LIFE AFTER RUGBY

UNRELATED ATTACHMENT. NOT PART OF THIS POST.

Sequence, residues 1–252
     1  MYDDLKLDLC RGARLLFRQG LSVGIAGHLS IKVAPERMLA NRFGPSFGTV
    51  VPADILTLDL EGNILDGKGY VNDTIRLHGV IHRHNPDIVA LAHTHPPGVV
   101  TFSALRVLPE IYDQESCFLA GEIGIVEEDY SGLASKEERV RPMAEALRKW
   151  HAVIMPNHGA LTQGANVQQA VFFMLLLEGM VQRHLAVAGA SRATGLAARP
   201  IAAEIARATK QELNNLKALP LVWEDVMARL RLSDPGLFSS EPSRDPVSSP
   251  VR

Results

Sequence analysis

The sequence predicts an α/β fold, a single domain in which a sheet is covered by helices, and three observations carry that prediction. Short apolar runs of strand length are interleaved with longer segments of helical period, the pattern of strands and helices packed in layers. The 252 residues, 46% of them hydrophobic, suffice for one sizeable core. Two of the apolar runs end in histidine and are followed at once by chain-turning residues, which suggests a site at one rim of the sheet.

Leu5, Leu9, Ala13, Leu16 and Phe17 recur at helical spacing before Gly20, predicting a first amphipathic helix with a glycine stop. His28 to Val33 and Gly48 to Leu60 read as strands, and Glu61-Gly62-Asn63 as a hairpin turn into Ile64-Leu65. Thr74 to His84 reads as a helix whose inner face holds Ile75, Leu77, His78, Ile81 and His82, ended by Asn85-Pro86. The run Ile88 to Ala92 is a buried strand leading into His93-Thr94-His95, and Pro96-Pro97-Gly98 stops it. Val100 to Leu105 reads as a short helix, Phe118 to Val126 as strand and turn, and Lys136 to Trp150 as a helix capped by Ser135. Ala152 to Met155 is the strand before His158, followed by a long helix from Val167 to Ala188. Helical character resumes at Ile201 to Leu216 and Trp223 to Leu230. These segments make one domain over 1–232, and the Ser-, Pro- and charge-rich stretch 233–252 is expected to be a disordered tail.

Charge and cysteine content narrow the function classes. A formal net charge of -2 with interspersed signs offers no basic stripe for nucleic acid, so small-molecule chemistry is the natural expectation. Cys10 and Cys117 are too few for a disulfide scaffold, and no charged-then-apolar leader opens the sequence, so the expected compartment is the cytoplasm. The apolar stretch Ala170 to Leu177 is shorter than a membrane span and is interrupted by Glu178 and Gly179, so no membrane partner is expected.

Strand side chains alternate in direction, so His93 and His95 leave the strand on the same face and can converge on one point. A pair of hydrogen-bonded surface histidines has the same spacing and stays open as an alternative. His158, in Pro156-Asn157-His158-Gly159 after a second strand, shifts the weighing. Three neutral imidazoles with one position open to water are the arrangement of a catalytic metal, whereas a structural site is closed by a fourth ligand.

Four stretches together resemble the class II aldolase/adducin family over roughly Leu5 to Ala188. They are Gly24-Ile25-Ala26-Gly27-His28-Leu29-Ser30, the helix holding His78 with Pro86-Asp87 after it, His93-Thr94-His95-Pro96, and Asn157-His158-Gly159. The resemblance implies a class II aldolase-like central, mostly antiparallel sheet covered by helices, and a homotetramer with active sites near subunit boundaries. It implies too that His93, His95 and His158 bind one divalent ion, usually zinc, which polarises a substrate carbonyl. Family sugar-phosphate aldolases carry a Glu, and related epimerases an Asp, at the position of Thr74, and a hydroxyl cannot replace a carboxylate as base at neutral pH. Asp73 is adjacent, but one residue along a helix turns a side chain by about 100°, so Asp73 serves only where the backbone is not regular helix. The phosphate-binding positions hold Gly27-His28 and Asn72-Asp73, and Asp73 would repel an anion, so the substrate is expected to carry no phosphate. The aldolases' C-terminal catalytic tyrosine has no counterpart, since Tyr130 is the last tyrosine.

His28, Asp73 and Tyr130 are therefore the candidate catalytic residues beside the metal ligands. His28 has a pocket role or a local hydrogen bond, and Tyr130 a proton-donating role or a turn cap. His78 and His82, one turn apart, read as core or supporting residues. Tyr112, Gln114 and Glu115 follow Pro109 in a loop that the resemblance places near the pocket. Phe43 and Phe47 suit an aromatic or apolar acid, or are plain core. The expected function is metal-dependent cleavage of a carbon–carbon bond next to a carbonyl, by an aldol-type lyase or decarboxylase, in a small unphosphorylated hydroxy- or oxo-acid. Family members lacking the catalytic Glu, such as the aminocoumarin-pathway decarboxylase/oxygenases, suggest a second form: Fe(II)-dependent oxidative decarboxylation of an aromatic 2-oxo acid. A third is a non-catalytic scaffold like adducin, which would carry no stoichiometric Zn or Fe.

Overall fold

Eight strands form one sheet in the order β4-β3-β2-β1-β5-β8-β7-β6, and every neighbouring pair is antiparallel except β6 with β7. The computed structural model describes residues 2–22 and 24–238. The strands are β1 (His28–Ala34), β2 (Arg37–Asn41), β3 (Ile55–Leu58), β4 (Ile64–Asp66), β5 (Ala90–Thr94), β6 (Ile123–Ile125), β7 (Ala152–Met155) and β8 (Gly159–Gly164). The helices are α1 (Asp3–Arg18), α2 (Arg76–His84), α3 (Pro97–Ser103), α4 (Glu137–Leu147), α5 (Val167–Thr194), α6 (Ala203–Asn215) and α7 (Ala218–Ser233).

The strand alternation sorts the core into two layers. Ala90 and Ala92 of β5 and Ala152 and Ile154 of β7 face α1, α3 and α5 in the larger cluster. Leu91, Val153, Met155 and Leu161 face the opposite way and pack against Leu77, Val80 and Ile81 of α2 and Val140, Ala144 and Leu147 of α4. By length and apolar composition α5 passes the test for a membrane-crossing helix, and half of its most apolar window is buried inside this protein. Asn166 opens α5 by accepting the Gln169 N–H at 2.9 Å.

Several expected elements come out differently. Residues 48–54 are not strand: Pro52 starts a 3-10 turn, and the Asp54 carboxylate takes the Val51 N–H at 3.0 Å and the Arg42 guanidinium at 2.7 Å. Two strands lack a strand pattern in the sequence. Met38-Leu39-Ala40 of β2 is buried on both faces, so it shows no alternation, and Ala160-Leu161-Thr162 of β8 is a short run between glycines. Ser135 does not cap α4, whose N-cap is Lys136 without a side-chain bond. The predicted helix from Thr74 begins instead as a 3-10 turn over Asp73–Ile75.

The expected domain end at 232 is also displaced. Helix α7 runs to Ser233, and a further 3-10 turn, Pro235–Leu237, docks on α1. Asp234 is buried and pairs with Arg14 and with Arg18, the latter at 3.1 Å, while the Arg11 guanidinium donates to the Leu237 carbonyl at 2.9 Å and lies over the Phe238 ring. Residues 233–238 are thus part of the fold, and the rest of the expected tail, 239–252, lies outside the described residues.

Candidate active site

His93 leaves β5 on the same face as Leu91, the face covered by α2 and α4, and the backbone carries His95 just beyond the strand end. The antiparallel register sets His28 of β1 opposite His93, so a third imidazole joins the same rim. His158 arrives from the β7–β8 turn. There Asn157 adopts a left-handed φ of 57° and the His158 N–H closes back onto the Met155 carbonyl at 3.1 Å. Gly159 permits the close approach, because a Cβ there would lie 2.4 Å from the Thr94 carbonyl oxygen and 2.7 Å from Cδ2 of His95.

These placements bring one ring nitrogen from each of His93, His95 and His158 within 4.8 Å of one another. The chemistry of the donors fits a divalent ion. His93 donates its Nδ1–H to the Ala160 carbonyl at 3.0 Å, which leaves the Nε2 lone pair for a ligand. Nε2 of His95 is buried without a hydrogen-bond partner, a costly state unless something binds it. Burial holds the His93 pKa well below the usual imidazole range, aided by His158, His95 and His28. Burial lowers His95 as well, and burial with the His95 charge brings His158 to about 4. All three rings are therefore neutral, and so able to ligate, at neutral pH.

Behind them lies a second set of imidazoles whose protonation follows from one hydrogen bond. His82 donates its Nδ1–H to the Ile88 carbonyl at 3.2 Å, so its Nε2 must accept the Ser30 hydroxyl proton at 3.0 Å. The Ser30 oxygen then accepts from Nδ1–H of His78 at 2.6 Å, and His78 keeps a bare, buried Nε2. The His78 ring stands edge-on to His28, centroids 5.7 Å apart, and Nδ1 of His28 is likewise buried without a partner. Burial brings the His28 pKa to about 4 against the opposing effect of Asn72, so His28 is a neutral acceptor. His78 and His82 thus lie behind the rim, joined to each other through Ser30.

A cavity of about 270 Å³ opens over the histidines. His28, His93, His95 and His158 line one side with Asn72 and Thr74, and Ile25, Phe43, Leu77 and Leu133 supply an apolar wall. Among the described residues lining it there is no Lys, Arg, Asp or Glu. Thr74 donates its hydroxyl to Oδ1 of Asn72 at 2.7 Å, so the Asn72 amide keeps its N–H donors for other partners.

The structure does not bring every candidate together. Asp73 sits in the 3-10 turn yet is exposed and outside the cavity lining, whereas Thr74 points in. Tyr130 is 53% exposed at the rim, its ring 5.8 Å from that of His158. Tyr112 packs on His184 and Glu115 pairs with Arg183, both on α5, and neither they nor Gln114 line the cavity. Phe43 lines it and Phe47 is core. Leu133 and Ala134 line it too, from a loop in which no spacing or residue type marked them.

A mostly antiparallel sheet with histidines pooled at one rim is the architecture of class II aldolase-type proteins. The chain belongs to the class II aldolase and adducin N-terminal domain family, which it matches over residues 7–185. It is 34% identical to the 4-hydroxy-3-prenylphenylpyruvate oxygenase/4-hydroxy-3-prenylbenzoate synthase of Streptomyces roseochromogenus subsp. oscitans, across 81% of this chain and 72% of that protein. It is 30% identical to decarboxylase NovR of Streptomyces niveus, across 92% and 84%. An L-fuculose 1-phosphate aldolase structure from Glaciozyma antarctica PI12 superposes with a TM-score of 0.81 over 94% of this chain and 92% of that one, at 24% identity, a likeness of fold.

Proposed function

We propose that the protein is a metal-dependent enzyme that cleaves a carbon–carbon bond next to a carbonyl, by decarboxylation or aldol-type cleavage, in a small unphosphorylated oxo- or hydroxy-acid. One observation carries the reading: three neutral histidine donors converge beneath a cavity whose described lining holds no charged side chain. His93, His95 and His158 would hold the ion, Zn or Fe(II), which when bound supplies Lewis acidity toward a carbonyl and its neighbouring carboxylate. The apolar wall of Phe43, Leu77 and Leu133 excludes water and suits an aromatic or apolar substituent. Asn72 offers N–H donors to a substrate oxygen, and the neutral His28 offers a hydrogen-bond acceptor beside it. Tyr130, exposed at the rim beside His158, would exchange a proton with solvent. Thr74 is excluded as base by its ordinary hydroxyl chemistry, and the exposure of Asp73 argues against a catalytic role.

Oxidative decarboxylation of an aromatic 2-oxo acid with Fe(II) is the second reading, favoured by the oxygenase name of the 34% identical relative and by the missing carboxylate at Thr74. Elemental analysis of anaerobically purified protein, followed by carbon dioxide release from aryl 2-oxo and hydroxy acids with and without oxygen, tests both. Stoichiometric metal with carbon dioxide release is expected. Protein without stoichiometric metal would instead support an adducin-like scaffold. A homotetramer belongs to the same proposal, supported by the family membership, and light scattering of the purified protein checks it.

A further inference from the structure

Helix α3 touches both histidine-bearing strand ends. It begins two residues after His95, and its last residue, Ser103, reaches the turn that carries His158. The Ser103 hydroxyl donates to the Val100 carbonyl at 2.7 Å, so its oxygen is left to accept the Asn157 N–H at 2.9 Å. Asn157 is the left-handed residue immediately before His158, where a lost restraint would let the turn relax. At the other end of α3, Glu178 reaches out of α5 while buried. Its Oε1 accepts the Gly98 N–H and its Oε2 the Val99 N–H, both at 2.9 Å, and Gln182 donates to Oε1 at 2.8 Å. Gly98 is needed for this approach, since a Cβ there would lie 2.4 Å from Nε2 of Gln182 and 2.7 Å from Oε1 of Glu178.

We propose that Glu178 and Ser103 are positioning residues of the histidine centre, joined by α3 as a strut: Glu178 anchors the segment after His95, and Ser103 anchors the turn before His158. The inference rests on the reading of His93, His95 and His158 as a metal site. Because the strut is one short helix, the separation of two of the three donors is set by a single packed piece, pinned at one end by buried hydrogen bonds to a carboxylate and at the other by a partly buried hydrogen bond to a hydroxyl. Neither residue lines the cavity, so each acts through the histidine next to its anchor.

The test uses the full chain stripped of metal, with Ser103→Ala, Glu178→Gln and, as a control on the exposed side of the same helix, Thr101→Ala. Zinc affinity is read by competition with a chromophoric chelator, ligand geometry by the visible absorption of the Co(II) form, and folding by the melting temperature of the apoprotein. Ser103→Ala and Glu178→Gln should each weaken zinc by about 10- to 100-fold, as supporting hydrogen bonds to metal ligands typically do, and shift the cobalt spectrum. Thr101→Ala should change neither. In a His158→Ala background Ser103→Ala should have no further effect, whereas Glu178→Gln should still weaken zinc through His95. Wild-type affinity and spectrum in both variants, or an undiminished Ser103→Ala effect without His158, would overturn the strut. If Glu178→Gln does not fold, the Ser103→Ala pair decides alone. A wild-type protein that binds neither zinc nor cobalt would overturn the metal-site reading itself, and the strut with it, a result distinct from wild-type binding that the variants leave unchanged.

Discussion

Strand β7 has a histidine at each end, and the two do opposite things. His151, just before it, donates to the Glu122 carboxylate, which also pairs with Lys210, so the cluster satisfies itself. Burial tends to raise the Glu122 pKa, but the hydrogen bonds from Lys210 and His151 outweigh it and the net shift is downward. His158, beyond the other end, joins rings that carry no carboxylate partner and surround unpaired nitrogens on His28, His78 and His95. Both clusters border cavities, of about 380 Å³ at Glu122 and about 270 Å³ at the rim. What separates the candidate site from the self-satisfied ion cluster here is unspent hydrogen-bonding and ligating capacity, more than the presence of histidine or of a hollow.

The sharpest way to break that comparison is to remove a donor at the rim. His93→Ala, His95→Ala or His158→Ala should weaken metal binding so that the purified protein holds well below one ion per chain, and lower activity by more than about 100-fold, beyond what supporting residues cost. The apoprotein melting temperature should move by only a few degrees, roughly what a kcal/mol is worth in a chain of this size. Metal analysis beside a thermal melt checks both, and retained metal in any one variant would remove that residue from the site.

In December 2016 Bai stated publicly his mission was to educate the next generation of rugby players in Fiji to understand the various stages of playing rugby. “Not only that, I hope to make the media understand what really happens, what is fact and what is myth.” “The first area I want to touch on is our level of education before taking up contracts overseas.” “Many of our players who have gone in the past or during my era encountered a lot of hardship because they did not have the education that would enable them to fully function in a professional rugby environment. “I say this because I dropped out of high school early and no-one told me that while out there I had to learn to budget my money for rent, food and also to understand the tax system in the country I play in. “On top of that, I had to determine how much I could send home to my family – it was rugby and business combined. It was a struggle amongst the main thing – which was rugby, week in and week out. Bai said the pressure on the Fijian playing overseas was immense due to the change in environment, diet, language and training regime. “We were not taught how to manage our diet and to be disciplined in all areas of life. But when your performance drops or you get injured you lose your income.’’ “In setting up an academy, I am trying to drive through to young rugby players that rugby will only make money for you as a player for 10-15 years at the most. “Some don’t even reach 10 years. But after that you have another 40 years to live, so how will you support yourself? “It is very important how you save and invest your money in the years you are playing. Many former professional players are now struggling to make a living back home here in Fiji because they do not have any other work qualifications.” Bai said it was sad to see former national reps who were once professional players struggling to make ends meet today. “At the top of your career, if you are playing in the T14 or Guinness Premiership or Super Rugby, you are guaranteed between $10k to $50k per month based on your rating.” “After that it is taxed according to the tax law of that country, but many Fijians did not understand this so were in debt very soon. “Then you have to pay for your rent, gas and food and then send some back home to people who depend on you. “We have to change perceptions – some pro-players have the whole village depending on them; that is wrong because when the player gets hurt he suffers, no one else.” “We have to prepare this generation to understand that pro-rugby will only provide for you for maybe 10 years, you will have to prepare for the next 30-40 years of your life after rugby.”